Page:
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That is 900% from a very low initial base... – E Dominique Jun 4 '09 at 17:31

You need to define the end-result requirements for the application.

Part of the answer depends on what mobile hardware you will be running. And, whether or not you need to use unique abilities of your hardware (touch-screen, barcode scanner, gps, special buttons, VOIP, etc.) or if a simple input/output screen framework is sufficient.

That might drive your decision towards a local application or something more remote like a web application or terminal services. (There are, of course, local applications that use remote services also. Do you need to consider multiple front-ends?)

In addition, where are your development strengths? What are your language proficiencies? As you mentioned, mobile application development can have a steep startup curve for learning and for setting up your initial development/debugging/deployment environment. Is that worth it, or can you leverage desktop or web development experience and deploy remotely?

Once you make these decisions and determine your development environment and target, then you can take the next step to look at frameworks and methodologies specific to your needs.

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This just in -

Today's Code Project Insider included this InfoWorld article -

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In business term iPhone and android is best seller in market.Apple is get good market in USA so you can develop any application and get good business in from market.Android is really also good for get business.Android and iPhone is both are good business.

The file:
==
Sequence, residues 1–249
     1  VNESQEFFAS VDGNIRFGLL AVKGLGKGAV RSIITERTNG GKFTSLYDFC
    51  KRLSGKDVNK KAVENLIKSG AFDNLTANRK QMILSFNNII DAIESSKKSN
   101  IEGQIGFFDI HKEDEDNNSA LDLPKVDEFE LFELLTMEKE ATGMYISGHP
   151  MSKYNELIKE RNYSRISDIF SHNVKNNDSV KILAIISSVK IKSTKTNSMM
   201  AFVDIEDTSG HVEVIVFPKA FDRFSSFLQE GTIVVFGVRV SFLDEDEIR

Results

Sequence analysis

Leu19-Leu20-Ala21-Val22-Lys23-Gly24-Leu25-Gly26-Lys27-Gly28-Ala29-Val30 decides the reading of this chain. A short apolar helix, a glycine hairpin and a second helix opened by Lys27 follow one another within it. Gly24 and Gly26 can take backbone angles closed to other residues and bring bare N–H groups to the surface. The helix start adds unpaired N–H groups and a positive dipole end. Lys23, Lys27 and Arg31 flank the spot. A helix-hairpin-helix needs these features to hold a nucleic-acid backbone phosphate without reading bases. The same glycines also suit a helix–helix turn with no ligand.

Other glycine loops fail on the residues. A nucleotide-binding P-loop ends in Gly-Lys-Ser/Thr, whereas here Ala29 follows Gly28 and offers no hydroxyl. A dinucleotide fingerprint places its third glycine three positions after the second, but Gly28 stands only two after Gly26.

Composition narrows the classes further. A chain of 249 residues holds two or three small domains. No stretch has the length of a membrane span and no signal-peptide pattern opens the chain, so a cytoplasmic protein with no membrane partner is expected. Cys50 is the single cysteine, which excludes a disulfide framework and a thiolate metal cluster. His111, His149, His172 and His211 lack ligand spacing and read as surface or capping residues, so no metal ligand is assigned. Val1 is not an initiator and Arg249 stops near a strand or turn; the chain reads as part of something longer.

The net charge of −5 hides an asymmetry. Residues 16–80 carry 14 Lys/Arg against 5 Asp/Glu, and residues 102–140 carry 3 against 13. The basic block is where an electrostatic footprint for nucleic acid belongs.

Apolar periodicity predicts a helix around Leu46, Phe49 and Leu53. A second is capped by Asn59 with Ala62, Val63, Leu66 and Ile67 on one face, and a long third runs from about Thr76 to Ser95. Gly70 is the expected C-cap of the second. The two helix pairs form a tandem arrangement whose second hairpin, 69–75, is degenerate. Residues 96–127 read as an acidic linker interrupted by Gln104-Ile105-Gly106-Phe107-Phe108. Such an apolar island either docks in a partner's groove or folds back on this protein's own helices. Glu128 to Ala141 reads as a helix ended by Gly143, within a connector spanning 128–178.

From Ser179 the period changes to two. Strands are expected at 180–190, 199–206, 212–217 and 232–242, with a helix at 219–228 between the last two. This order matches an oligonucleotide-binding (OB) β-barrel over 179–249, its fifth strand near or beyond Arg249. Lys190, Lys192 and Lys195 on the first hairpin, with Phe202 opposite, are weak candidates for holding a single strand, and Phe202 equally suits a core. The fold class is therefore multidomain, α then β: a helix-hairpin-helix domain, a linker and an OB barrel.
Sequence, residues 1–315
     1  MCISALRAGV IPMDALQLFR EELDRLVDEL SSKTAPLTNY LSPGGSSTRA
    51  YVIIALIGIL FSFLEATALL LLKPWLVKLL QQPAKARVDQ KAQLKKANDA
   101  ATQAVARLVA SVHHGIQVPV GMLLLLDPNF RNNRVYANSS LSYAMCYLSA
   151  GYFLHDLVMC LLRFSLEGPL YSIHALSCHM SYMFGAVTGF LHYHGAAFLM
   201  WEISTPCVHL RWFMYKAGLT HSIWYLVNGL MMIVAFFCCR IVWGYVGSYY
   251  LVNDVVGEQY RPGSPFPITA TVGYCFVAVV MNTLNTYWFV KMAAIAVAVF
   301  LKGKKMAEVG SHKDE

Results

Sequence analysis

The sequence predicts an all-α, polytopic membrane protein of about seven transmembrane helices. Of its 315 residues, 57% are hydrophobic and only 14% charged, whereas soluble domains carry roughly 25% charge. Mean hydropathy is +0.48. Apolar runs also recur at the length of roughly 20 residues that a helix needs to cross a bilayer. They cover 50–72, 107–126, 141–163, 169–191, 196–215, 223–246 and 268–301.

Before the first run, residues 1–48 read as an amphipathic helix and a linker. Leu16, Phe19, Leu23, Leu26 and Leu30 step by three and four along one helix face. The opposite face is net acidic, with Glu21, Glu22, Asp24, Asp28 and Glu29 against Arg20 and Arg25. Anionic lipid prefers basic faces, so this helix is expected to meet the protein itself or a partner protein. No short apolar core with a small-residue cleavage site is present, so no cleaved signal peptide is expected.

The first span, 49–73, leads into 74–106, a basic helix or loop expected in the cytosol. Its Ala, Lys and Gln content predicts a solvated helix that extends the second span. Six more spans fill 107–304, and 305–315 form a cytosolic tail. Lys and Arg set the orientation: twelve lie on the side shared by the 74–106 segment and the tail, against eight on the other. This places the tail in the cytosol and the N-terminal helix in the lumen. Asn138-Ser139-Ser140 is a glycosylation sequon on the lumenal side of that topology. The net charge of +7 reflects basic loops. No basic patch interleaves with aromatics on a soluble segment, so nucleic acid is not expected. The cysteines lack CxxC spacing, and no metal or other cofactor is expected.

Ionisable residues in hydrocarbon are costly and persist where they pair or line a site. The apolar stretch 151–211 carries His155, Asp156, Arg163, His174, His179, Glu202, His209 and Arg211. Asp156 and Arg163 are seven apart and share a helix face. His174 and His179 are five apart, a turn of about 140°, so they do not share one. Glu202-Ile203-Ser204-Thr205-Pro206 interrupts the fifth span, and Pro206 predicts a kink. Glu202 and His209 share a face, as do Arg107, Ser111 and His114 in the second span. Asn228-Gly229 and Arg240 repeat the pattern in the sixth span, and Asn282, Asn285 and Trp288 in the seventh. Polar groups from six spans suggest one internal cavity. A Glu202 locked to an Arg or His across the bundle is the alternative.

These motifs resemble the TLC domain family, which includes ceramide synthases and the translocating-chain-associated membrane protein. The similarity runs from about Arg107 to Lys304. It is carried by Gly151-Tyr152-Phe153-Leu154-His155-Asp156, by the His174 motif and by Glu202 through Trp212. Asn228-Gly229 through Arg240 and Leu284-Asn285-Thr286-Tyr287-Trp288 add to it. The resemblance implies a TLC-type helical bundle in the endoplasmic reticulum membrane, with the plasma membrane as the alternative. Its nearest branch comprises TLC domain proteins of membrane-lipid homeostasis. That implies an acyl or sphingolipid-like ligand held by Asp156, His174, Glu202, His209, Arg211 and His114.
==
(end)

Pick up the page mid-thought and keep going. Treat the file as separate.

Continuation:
mobile app development

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As you wrote, the environment is constantly changing, but if you plan to make your app the most portable as possible, in my humble oppinion you need to start developing with Java Micro Edition (J2ME). One of the best IDEs for the job is Netbeans.

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Depends on the device I suppose. I don't think there is one common way to write something that will work on every device.

The big ones would be:

  • Windows Mobile: C++ or .NET Compact Framework (JavaME if you install the Java Runtime manually)
  • iPhone: C++ (i think). IIRC it doesnt support Java yet.
  • Android: JavaME
  • Blackberry: JavaME
  • Other non-smart/PDA devices: Probably C++?
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iPhone is Objective-C – Finglas Jun 4 '09 at 16:54
The iPhone SDK is Objective-C. It will probably never support Jaba. Android has their own Java-based SDK – Benny Wong Jun 4 '09 at 16:55
whoops, s/Jaba/Java/ – Benny Wong Jun 4 '09 at 17:10
Jaba - lol. That's what I'm going to call it from now on :-) – Justicle Jun 16 '09 at 5:52